Livingston, Montana, sits on the outside curve of the big eastward bend of the Yellowstone River fifty miles north of Yellowstone National Park. Those fifty miles are aptly named Paradise Valley, where the river snakes along cottonwood-sheathed past lush cattle ranches and the trophy log mansions of absentee movie stars. From its headwaters in Wyoming’s Teton Wilderness south of the Park, to its confluence with the Missouri River in western North Dakota, the Yellowstone flows 671 miles sans dams, the last of the West’s great rivers to do so.
It flows clear and blue at Livingston’s Ninth St. Bridge in the sunshine of an autumn day. Some years in spring the river is high, brown and roily, and threatens to flood adjacent parts of town — as it did in 1997. Not today. Today the Yellowstone makes for a benign and bucolic foreground for Mt. Delano in the sharply defined Absarokas to the east. In the distant northeast are the stony, serrated peaks of the Crazy Mountains, so named for a demented and wandering pioneer woman. Before me along the river are the bright gold torches of the cottonwoods. Behind me is Livingston, and the bustling, horn-tooting of a busy town, thoroughly modern, yet retaining its ties to a rich past.
Temporarily separating from Meriwether Lewis on the eastbound return of their historic journey, William Clark and about half of the Corps of Discovery passed through in July, 1806, only to see Crow Indians run off their horses. They continued on in cottonwood dugouts to the mouth of the Yellowstone and their rendezvous with Lewis. The region was frequented by trappers and cattlemen throughout the 19th century. Eighteen eighty-two saw the arrival of James J. Hill’s Northern Pacific Railroad, and Livingston — named for a Hill business associate — grew up around its depot. The Murray Hotel was built directly across the street in 1910 to serve the railroad’s clientele. The four-story square brick building’s guest register has been signed by politicians and celebrities, the likes of which include Mike Mansfield, Steve McQueen and Robert Redford.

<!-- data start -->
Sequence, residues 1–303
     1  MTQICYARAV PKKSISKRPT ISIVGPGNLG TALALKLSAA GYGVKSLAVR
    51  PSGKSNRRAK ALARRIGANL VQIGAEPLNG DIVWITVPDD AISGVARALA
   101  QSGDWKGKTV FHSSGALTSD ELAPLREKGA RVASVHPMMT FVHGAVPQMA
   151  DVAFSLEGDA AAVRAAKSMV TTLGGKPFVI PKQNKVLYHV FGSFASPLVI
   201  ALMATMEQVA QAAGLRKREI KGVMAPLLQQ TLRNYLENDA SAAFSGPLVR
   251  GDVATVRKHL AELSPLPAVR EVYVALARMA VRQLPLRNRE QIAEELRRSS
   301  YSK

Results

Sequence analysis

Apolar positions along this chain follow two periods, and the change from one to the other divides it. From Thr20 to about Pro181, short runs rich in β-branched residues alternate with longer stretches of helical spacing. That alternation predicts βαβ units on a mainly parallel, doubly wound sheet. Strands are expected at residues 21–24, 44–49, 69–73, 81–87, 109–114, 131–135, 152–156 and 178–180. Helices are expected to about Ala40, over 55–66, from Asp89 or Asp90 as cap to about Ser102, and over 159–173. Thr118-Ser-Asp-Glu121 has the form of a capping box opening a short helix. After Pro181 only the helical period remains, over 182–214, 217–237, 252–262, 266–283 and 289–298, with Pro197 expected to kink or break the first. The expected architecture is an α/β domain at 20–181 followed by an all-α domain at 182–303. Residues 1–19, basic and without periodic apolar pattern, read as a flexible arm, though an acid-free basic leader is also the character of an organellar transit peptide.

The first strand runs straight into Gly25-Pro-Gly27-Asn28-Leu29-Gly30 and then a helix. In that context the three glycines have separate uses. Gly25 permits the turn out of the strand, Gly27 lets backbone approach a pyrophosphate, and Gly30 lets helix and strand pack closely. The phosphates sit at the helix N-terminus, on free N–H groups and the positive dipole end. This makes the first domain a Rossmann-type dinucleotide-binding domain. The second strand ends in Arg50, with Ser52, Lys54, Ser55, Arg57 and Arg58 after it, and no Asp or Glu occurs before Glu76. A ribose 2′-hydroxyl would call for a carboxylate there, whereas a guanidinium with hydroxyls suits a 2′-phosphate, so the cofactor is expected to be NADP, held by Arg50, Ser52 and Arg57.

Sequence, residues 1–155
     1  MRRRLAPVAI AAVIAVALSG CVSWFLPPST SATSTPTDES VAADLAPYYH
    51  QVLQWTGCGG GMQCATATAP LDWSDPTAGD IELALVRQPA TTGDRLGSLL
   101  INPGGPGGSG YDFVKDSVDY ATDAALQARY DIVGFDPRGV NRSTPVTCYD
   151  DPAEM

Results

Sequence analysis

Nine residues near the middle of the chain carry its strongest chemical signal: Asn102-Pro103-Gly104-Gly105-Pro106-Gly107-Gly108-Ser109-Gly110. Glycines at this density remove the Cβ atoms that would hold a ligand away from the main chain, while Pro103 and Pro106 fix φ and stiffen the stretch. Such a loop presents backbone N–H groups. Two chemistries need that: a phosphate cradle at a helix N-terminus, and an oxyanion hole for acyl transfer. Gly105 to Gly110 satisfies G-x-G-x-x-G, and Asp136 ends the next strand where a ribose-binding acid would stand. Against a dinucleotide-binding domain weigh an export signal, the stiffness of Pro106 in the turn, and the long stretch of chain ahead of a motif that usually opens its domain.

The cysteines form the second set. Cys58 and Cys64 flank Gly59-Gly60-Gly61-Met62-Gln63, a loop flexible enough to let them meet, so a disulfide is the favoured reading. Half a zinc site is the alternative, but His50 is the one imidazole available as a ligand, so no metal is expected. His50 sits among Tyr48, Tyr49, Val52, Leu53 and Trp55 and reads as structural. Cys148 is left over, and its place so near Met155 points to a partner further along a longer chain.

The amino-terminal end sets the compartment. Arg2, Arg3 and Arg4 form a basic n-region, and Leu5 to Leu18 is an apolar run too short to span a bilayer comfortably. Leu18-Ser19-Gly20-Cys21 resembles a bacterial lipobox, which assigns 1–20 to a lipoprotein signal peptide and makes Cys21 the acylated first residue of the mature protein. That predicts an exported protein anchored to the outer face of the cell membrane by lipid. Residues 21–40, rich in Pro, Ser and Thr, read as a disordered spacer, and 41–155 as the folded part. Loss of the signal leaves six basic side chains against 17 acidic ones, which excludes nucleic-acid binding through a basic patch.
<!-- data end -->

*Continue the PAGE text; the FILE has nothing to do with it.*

Due to its setting amidst stunning scenery, superb fishing and hunting opportunities, and its inherent cowboy-bohemian atmosphere, the Murray has always attracted the adventurous and eccentric. The humorist Will Rogers and his friend Walter Hill (of the railroad family) once as a prank brought a horse up to Hill’s third-floor room via the Murray’s venerable Otis elevator. In his Howard Hughes-like reclusive last years in the 1970s, the legendary Hollywood director Sam Peckinpah lived in a top floor suite with a pet iguana. One night in a drunken delirium, he shot holes in the ceiling with a revolver. The bullet holes are rumored to remain, and day I was there I asked to see the room, but was politely refused because it was occupied. Jimmy Buffett sang and played his guitar for tips in the bar during his early '70s salad days. But at that time the Murray was mostly known as the center of Livingston’s literary culture. The bar was a hot spot for what the New York Times in a 1982 Sunday magazine article identified as a New West literary renaissance. Livingston was home to a few of the new “Writers of the Purple Sage.”
Thomas McGuane was one of these neo-settlers of Livingston when he arrived in the late '60s fresh from Wallace Stegner’s graduate writing program at Stanford. He took a room at the Murray and divided his time between his passion for fly fishing, and the composition of his first novel The Sporting Club (1968). Mr. McGuane was soon joined by friends: the writers Jim Harrison and William Hjortsberg, the late counterculture novelist Richard Brautigan, and the painter Russell Chatham — all sharing a love of their work and the outdoors life of Montana.